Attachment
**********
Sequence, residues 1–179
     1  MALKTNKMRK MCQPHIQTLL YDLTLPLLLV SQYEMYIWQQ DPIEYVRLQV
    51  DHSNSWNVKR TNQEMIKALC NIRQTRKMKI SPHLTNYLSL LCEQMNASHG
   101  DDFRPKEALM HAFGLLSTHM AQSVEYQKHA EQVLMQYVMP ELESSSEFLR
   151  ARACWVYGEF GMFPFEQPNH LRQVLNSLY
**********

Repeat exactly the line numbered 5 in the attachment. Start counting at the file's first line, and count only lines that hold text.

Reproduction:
   151  ARACWVYGEF GMFPFEQPNH LRQVLNSLY